us politics

FFFF: “How to Talk to Women” for Republicans

Funny Feminist Friday Film square logoA progressive PAC in the US has put together this spoof Republican training video for candidates on “how to talk to women” without offending them as pesky potential voters.

h/t to Feministing for sharing the video and reminding us how spot-on this in, especially given the GOP is really offering lessons on speaking to women voters.

Transcript (after the jump): Read more

Posted on by Jarrah Hodge in FFFF Leave a comment

Speak Out Against Slapstick Misogyny: A Stern Ethics Rant/Sermon for Hillary Haters

Screen capture from the "Slap Hillary" game, showing a cartoon hand slapping Hillary Clinton's face

Screen capture from the “Slap Hillary” game, showing a cartoon hand slapping Hillary Clinton’s face

by Jessica Mason McFadden

I’m going to take a moment to deliberately not be nice, for the first time on Gender Focus. It’s time to get mad, again, about the archaic scapegoating of women-who-serve-as-public-officials in the guise of slapstick comedy.

If you haven’t already heard, Hillary Clinton is, once again, on the dark side of the news without having done anything to elicit it. A Republican Super PAC, “The Hillary Project,” self-proclaimed as “the only thing standing between Hillary and the White House,” has revived a “Slap Hillary” game that allows “players” to make a Hillary-head speak with the click of a button, and to slap her with another click. These are the only two options in the game. Make her speak and slap her.

The game is simple. Disturbingly so. But there is nothing simple about the message that this game sends about and to women and girls.

Proverbial “slapping” of ambitious women is old, stinky, mothy, moldy hat. Hat with a big hole and fist full of misogyny through it. There is nothing poignant, clever, or funny about it. Anyone who slaps, even virtually, a woman in earnest or in humor has made a cowardly, unfortunate choice. One with many consequences.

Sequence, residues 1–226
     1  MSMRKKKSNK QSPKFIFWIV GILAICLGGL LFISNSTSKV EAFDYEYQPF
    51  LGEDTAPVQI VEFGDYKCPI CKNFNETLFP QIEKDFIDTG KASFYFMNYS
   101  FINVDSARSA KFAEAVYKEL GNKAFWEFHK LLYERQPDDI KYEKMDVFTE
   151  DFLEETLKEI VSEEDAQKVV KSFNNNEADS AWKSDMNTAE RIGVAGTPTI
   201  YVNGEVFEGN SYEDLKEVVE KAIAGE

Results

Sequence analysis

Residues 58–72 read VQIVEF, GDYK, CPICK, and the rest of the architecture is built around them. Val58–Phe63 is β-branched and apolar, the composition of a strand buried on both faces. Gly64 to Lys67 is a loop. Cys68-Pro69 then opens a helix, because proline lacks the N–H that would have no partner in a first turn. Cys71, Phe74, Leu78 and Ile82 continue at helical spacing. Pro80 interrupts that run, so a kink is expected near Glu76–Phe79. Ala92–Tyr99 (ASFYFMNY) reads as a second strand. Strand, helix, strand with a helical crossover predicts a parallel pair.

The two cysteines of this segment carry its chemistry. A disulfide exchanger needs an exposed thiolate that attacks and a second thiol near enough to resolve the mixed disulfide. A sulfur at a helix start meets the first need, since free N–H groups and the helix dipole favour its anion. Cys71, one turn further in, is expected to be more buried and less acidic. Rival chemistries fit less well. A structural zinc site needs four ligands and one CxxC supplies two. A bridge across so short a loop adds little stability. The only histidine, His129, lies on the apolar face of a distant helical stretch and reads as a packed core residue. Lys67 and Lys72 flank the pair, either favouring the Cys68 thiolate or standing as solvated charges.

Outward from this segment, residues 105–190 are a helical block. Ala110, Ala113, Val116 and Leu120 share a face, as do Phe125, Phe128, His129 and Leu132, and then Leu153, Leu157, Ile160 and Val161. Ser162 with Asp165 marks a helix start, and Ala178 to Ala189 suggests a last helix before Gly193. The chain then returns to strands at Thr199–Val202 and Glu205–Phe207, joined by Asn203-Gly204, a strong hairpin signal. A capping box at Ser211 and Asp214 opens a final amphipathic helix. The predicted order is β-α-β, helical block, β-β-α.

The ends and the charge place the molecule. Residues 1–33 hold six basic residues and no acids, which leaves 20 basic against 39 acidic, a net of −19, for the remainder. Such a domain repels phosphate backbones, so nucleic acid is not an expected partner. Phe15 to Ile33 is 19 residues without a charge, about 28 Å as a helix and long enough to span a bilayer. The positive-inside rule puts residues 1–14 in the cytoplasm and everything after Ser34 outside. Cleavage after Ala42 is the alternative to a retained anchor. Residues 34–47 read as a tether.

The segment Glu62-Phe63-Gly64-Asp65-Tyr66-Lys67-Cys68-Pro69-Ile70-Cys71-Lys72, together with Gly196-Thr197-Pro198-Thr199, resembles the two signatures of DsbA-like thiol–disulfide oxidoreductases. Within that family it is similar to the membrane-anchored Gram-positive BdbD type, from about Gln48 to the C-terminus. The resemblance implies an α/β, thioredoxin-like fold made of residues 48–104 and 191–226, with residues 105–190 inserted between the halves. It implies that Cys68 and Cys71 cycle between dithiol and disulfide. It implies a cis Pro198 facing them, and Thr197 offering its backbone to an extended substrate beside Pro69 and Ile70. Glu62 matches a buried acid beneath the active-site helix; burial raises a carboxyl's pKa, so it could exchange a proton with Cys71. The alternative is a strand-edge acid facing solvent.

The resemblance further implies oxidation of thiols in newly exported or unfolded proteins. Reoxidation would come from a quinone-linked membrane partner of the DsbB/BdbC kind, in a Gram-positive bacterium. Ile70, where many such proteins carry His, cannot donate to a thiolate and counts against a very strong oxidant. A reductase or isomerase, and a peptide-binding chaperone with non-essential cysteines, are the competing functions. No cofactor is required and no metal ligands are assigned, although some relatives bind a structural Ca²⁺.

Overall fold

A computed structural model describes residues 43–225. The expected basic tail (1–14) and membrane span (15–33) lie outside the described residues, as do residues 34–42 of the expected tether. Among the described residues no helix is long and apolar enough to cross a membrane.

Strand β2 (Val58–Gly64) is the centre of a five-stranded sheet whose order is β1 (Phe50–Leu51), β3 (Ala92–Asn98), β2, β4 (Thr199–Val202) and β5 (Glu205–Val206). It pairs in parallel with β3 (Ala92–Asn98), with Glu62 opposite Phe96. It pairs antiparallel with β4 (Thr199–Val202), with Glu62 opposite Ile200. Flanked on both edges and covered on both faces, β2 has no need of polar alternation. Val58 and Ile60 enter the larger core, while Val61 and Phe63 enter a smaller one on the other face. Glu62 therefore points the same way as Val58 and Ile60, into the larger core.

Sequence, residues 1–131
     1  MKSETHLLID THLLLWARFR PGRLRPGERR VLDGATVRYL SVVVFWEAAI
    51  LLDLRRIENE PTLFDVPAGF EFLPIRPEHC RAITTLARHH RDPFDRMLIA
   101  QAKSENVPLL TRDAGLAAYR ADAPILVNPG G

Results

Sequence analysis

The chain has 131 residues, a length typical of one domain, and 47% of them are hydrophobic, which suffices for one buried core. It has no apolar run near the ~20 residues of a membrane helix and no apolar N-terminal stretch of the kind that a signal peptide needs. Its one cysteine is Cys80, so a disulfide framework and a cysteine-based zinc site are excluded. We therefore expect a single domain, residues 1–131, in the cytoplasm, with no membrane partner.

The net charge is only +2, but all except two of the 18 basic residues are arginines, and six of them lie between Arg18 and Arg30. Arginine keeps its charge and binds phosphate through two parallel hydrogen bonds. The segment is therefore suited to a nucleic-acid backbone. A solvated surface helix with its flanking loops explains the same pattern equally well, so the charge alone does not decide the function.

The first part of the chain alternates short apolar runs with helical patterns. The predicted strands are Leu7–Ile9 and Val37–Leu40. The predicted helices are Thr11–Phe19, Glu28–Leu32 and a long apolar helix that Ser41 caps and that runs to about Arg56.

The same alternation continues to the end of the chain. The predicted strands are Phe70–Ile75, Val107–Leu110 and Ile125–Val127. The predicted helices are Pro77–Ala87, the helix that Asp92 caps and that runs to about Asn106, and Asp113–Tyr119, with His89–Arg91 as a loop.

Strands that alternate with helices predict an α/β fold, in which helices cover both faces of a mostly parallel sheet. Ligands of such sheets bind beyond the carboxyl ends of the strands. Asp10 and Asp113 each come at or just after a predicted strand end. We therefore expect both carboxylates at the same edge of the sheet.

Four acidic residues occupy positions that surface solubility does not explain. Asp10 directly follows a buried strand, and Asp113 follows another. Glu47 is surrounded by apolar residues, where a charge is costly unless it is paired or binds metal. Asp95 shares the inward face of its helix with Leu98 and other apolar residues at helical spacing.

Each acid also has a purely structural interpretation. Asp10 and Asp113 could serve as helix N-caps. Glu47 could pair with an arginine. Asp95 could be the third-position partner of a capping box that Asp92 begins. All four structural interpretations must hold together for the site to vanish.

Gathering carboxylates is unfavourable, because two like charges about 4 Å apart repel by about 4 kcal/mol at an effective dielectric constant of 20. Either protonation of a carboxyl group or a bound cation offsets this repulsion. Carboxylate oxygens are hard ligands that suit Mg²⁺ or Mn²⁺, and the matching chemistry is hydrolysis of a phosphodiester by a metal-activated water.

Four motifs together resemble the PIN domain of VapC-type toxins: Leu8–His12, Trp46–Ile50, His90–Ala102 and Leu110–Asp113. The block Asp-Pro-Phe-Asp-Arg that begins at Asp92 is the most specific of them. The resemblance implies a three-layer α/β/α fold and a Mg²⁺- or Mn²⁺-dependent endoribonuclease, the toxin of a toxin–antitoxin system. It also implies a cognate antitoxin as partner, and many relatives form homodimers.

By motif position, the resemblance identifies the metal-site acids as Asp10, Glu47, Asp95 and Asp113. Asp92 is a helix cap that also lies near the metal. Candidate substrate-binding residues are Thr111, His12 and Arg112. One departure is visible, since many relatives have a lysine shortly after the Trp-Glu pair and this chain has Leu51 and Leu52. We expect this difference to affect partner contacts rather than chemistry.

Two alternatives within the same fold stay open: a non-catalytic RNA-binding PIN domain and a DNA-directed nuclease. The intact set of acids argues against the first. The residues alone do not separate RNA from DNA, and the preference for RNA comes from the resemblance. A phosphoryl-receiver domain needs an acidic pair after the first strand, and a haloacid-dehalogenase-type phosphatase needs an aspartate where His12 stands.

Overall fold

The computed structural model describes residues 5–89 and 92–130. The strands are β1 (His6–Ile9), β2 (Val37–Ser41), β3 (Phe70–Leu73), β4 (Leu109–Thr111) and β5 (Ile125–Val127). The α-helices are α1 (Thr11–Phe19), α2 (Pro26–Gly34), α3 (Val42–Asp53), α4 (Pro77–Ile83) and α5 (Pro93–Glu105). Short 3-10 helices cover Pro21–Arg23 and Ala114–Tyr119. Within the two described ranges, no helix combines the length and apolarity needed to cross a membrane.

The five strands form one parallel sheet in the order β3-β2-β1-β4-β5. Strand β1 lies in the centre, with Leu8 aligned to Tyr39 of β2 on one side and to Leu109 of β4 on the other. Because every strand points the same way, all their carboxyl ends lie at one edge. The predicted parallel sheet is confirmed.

Since when is it okay to invoke a visual rhetoric of violence in order to … wait, I’m hard-pressed to even guess as to a motive. It’s certainly not to promote a political position, that’s for sure. As a matter of fact, it has nothing at all to do with governmental politics. Let’s call it what it is: what’s we’re dealing with is the politics of misogyny, plain and simple. Take the donkey vs. elephant element out of this because that’s the guise misogyny’s hiding behind.

I’m going to go out on a limb here and trust in my personal ethics enough to believe that most rational people who read this article will find themselves in agreement. For starters, people should not be slapped for being outspoken and staking a political or intellectual position. Not Palin. Not Clinton. Not your mother. Not your sister. Not your daughter. Not your brother. No one. If you’re truly angry, then find a productive, non-violent, non-bullying way of expressing it. Advance society rather than devolving it. It can’t be that hard to talk about issues rather than slapping people, right?

Sometimes we need to growl that collective growl, and let loose a big: Humanity, get your shit together! Read more

Posted on by Jessica Mason McFadden in Feminism, Politics 1 Comment

FFFF: Binders Full of Women

More than one video today because there have been a whole bunch of ones recently mocking Mitt Romney’s politics on women’s issues, particularly his recent debate comment around “binders full of women.” That one made Jonathan Mann’s Song of the Day this past Tuesday:

Here’s Slate News on why the comment resonated:

Another musical homage by Eytan and the Embassy:

And finally another great video that’s been going around, not on the binders comment but on Romney’s comment that it’d be easier for him to get elected if he was Latino. Rosie Perez sets Mitt straight:


Posted on by Jarrah Hodge in Feminism, FFFF Leave a comment

FFFF: Rick Santorum Aborts Presidential Campaign

Ashley Judd, Michelle Trachtenberg, Katy Mixon, and Eliza Coupe weigh in on what Rick Santorum should really consider before aborting his campaign. From FunnyOrDie.

Posted on by Jarrah Hodge in FFFF, Politics 1 Comment

VA Ultrasound Bill Shows Need to Stay Active on Reproductive Rights

by Sarah Jensen